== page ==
Rosalind Mitchell - Fitness Model
I grew up in an active household. My parents were athletes and met on the running track at University. My Mom taught fitness classes when I was a toddler and I watched with the other kids. I started taking ballet and jazz classes when I was 5, and loved dance immediately. It became my passion growing up, and all of my evenings were spent at the dance studio. The other girls developed "dancers bodies" from all the training. Somehow, my genetics did not predispose me to the lean look and sculpted legs the other girls had, despite the hours of plies and relieves and work en pointe.
I so wanted to look more like a dancer should. My mother had a book at home on women's bodybuilding. It was from the 70s, when female bodybuilders were all-natural. I was intrigued by the muscular yet feminine look of the women. If they could create that kind of physique through training and nutrition, I figured I could change my shape by doing the same. So at age 16 I joined a gym and started weight training and taking classes, and changed my diet. Results came very quickly, and I was hooked. By the time I was 18, my body had changed a lot and I got a lot of positive feedback. I am a type-A personality and when I set my mind to something I am very focussed and determined.
Unfortunately, when I was in University I took things too far. My eating habits and fitness routine became an obsession, and it turned into an eating disorder. At my worst I was 87 lbs at 5 ft 6. My doctor insisted that I gain 10 lbs, or I would be hospitalized. I did look terrible, but I was terrified of gaining weight and going back to the body I had worked so hard to change. For years I would gain a few lbs and then lose them again, staying under 100 lbs, just heavy enough to keep the doctor and my family from hospitalizing me. Eventually, I met an amazing co-worker with a history of anorexia, who had recovered and was training for fitness competitions. She saw her former self on me, and knew the right things to say to help. She convinced me it was ok to gain weight and build some muscle and curves. I listened to her, and hired a personal trainer to help. I was successful, and eventually gained enough mass to compete myself. I was still tiny compared to the other competitors, but I did fairly well. My experience with the personal trainer was very positive, and my passion for fitness grew. I was inspired to become a trainer myself. I am now a certified personal trainer and group fitness instructor. I love sharing my passion with others. I no longer compete. With my tendency to get obsessive, it is healthier for me to avoid the extreme dieting associated with prep. However, I have had the opportunity to do some fitness modelling. Seeing flattering photos of myself has been very good for my body image. I am learning to love myself.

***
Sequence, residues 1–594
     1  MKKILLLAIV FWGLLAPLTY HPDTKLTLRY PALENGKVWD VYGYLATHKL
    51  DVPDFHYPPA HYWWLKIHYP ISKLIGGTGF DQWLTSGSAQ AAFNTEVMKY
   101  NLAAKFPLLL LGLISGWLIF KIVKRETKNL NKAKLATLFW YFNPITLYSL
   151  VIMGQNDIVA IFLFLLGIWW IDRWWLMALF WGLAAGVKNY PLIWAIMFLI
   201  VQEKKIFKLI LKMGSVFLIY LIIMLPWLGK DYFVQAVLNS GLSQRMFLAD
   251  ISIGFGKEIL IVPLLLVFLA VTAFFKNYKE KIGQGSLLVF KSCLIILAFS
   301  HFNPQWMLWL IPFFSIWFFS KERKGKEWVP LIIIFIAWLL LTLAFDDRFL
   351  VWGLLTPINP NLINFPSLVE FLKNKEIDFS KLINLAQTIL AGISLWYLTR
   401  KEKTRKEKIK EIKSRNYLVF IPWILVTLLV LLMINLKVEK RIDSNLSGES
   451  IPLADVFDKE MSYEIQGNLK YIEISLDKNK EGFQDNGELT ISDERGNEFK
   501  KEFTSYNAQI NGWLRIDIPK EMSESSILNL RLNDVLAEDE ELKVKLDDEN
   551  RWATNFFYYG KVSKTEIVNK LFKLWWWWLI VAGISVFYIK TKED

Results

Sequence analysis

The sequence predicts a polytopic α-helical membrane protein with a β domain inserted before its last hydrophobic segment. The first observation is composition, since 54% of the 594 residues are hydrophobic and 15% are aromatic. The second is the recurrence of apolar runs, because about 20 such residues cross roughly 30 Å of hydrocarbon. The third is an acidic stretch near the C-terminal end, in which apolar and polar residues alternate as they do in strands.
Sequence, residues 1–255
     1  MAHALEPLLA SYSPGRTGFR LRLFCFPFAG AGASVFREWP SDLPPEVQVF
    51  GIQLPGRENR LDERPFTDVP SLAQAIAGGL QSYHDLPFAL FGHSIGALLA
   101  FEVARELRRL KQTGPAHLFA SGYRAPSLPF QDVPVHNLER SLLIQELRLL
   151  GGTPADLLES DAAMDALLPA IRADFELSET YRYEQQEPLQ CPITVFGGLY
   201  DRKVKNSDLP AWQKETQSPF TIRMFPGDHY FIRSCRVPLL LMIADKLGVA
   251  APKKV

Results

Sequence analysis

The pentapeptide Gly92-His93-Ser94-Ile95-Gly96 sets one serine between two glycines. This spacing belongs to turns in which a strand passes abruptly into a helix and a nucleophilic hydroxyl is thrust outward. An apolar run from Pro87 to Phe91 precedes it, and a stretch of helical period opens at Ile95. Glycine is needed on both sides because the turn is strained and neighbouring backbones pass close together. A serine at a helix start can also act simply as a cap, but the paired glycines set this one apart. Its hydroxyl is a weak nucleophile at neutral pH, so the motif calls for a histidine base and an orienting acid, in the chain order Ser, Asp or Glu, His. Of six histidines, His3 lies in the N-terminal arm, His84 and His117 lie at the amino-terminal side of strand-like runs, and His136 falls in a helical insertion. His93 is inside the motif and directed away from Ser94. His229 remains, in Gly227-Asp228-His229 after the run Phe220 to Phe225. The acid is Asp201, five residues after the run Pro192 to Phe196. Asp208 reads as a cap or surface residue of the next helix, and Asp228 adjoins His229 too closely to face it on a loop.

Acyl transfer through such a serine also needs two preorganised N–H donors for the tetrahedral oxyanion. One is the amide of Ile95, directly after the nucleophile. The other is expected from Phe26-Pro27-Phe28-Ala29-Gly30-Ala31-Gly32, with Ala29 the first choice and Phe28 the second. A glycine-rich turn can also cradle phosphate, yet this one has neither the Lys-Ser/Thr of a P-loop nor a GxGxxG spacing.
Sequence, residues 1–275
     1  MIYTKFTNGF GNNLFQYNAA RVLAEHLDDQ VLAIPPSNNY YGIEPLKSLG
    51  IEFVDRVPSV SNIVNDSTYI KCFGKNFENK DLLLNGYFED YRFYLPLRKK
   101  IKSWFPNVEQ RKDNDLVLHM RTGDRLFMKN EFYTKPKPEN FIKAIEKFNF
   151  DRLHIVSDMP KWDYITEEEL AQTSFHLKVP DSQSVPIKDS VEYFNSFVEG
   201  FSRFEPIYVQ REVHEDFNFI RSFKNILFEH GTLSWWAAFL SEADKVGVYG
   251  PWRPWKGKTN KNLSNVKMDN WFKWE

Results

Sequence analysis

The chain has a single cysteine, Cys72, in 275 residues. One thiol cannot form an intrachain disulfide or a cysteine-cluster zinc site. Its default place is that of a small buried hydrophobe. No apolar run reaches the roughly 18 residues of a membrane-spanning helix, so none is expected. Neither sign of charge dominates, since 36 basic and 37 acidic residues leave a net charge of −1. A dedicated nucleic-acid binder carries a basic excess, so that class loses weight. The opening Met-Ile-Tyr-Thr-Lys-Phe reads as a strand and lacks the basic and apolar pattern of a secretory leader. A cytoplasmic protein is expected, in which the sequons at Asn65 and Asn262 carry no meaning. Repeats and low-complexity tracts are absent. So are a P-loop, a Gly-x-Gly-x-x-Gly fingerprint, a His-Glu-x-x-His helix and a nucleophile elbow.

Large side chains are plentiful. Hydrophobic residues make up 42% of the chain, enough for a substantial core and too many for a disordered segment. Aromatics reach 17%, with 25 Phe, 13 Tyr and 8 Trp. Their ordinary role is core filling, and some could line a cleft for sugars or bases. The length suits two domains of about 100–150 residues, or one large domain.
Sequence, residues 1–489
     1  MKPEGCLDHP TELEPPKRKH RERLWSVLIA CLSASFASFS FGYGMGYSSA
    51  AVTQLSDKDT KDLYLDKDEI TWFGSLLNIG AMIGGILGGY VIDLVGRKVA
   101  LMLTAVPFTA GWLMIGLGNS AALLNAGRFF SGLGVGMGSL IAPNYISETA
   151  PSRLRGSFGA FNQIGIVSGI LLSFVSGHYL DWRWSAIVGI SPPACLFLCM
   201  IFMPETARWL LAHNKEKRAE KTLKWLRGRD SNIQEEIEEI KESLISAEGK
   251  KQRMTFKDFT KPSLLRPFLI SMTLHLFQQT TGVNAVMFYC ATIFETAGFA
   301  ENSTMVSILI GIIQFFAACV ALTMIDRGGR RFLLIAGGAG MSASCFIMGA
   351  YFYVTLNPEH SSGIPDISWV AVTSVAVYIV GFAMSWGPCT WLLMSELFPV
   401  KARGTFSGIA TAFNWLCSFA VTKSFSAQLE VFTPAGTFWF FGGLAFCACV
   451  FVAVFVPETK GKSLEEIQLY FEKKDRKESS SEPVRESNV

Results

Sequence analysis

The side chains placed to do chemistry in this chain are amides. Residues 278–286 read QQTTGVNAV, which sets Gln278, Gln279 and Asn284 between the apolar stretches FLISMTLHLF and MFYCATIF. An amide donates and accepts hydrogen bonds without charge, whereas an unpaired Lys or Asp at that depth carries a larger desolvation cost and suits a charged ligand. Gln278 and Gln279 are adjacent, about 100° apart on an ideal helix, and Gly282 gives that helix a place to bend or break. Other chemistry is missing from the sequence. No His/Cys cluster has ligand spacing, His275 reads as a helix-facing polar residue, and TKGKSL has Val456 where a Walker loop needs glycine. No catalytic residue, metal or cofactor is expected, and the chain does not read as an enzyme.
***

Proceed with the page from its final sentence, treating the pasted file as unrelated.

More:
With my history of anorexia, diet and nutrition is a touchy subject. However, although I am still very disciplined with my eating, I've learned to focus on fuelling my body with nutrients. I don't view avoiding foods that will not support my goals as deprivation. Although a certain amount of discomfort and hunger is necessary when working on leaning out, I do enjoy my food very much. There are people in the world who lack the privilege or choice in their diet, and also those who do not have access to enough food. Those of us who can tailor our diets according to our goals and preferences are privileged and should not take this for granted. I track my macros every day, and adjust them according to my goals. I enjoy the process. I follow an intermittent fasting plan, which my body has responded to very well. My digestion, energy, and body composition have improved tremendously. However, I allow myself to increase my portions on days I feel I need it, and remind myself that my health is the number one priority.